Ben McAdoo is going to be remembered in New York for one thing: benching Eli Manning.
McAdoo came and went as New York Giants coach about as fast as you can in the NFL. It’s pretty incredible when you consider he went 11-5 his first season. His second season unraveled in a hurry, and nothing summed up the debacle more than the clumsy way in which Manning was benched, ending his consecutive starts streak. It was such an insult to a two-time champion quarterback, the Giants’ offseason was practically an apology to Manning for it.
And yet, McAdoo still defended the decision in Peter King’s first column for NBC.
Why did McAdoo bench Manning?
King, who covered the NFL for decades at Sports Illustrated, moved on to NBC and published his first column there Monday morning. The most interesting section might be a first-person account from McAdoo about what he learned after being fired.
McAdoo talked about not managing his players as people well enough, particularly with Odell Beckham, and not handling the media responsibilities of the job better. Then he got to the subject everyone will ask him about forever.
“Right or wrong, I am at peace with how I handled the decision to play quarterbacks other than Eli Manning down the stretch of last season,” McAdoo said.
Let’s go with “wrong” on that one, Ben.
McAdoo said he wanted to get a look at the other young quarterbacks on the roster, including 2017 rookie Davis Webb, before the end of a lost season.
“I was not ending Eli’s career with the Giants; I was making sure we knew what we had behind him with a high draft choice prior to a big quarterback draft,” McAdoo said.
Here’s the problem: Manning’s streak ended with Geno Smith starting and playing the whole game. There was absolutely no mystery with Smith at that point. If McAdoo benched Manning for Webb, it’s unpopular but somewhat justifiable. Benching Manning for Smith, and never getting a look at Webb, was coaching malpractice. Webb, a third-round pick, never played a snap last season. This year, the Giants spent a fourth-round pick on quarterback Kyle Lauletta.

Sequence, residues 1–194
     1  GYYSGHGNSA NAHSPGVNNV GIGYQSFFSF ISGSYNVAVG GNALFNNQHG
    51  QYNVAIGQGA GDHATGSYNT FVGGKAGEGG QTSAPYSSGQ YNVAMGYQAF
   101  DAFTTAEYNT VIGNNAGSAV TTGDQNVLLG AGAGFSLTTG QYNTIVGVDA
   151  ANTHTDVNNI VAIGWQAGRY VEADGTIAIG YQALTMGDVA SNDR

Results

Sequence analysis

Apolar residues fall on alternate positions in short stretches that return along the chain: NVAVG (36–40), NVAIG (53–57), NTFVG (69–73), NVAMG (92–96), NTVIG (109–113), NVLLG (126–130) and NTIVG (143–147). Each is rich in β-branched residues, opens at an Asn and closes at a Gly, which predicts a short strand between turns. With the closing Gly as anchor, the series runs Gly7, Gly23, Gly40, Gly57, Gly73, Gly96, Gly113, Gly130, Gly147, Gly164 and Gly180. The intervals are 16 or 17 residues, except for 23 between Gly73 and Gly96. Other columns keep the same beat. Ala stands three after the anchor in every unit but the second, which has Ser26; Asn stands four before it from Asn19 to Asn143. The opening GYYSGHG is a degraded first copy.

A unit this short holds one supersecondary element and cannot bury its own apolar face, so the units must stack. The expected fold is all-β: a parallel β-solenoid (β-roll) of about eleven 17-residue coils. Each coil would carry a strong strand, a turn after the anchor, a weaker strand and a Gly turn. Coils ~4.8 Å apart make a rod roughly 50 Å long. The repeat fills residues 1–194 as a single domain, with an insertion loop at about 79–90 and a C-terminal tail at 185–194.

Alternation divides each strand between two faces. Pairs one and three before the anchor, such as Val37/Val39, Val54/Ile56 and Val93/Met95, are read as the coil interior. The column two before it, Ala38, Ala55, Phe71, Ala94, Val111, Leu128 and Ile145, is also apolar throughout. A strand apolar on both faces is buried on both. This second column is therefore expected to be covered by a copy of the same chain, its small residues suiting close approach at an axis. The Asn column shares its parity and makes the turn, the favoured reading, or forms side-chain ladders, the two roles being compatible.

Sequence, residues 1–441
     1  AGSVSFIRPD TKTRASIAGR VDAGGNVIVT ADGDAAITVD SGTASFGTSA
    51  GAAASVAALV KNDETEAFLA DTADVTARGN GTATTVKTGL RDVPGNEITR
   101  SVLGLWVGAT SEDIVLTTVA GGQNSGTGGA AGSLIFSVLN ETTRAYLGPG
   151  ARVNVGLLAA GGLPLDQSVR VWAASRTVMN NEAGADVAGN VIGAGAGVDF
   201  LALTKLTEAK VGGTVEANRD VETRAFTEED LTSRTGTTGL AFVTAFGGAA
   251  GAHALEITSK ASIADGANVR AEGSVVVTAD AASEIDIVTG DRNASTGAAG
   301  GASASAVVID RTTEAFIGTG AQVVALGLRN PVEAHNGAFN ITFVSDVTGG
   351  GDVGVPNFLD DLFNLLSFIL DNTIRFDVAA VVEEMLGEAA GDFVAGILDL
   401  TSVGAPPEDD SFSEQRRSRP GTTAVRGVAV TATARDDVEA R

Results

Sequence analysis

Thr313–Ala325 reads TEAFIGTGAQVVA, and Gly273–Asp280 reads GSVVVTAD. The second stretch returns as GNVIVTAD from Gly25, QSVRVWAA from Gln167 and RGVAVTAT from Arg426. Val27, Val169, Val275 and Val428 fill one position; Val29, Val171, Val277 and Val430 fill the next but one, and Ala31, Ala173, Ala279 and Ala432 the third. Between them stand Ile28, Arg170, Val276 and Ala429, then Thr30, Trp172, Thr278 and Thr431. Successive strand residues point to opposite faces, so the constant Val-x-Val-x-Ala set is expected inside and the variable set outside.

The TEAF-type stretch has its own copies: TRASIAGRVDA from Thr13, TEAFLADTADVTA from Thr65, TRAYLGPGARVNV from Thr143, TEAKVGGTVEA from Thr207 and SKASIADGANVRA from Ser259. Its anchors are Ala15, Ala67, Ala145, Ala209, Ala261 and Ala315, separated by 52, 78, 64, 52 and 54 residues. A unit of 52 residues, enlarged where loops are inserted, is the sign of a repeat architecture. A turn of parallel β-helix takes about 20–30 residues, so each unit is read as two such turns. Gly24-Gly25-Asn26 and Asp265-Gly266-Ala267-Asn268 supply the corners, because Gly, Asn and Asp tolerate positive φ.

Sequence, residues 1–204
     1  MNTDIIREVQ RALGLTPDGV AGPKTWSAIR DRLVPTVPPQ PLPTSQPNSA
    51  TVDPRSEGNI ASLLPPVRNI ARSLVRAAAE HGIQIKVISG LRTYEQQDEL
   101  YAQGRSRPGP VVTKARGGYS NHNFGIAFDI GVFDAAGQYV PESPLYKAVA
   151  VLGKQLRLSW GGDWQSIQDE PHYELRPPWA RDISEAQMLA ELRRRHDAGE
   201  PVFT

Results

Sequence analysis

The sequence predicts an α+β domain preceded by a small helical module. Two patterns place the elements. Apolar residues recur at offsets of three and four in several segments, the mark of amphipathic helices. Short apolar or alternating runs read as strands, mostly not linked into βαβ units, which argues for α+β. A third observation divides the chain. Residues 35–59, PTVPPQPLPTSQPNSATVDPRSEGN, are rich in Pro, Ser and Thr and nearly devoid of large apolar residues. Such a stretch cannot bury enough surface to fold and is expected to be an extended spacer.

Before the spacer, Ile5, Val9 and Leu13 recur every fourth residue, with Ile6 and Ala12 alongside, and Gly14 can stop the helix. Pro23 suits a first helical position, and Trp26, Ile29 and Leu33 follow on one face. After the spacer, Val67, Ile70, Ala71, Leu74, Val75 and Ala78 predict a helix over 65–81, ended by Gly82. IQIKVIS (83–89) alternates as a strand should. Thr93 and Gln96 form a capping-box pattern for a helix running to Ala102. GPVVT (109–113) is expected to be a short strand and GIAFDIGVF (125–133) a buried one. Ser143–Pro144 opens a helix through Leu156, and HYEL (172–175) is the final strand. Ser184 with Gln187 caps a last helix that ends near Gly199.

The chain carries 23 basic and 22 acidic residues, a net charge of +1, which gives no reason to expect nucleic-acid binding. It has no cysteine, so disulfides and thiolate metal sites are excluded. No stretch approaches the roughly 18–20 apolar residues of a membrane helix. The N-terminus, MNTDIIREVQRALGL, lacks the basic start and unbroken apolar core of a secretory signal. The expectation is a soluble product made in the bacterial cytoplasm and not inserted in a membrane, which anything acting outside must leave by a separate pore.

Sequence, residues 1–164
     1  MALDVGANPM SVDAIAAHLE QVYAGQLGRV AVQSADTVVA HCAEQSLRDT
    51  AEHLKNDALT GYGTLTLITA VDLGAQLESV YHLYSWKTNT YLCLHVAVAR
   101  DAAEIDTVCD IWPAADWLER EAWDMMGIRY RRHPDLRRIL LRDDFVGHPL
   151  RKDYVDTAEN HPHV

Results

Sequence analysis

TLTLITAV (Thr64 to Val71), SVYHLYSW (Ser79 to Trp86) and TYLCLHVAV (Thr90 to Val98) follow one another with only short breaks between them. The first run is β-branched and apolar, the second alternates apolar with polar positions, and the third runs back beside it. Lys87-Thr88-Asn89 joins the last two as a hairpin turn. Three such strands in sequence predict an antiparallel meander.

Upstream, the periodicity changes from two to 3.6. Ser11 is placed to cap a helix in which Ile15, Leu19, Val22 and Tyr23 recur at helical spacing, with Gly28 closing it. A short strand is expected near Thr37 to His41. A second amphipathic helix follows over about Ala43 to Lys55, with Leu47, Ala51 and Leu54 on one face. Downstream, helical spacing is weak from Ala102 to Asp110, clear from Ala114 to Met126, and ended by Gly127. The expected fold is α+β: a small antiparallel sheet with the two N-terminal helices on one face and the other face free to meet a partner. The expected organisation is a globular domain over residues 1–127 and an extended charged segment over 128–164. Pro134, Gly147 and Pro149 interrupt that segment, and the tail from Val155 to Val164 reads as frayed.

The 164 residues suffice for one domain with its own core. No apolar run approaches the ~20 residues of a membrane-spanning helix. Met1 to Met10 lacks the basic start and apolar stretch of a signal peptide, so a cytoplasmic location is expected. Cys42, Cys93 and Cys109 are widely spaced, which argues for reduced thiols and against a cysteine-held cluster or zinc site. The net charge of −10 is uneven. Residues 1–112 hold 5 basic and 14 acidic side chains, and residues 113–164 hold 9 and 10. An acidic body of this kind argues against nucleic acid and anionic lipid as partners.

McAdoo threw away his professional reputation to get Geno Smith a start.
What has been the fallout for McAdoo?
Even if the thought process was right — the Giants really did need to see what Webb could do before using the second pick of the draft, even though they screwed that up — McAdoo handled it terribly. He said his “bedside manner” hurt him, and he’s working on that.
“I do think it was special how his former teammates and the fans rallied around him that week,” McAdoo wrote in King’s column. “But if there’s one thing I want fans of the Giants to know, it’s that I made this call to try to make the Giants stronger for the future. It probably got me fired, but I believe I did the right thing for the right reasons.”
That’s not how the story will be told. McAdoo will be a curse word in New York football circles, like Ray Handley or Rich Kotite. It’s one thing to lose, but it was another to disrespect a Giants legend like Manning. He made one of the most unpopular coaching decisions in Giants history and still never got a look at the third-round rookie he said he wanted to give some playing time to. That’s incredible.
McAdoo is sitting out this season, then could resurface in 2019. It probably won’t be as a head coach right away after what went down last season, but he was a respected offensive coordinator before being promoted to the head-coaching job by the Giants. Even if he has learned from some mistakes, his reputation — especially in New York — is probably set forever.
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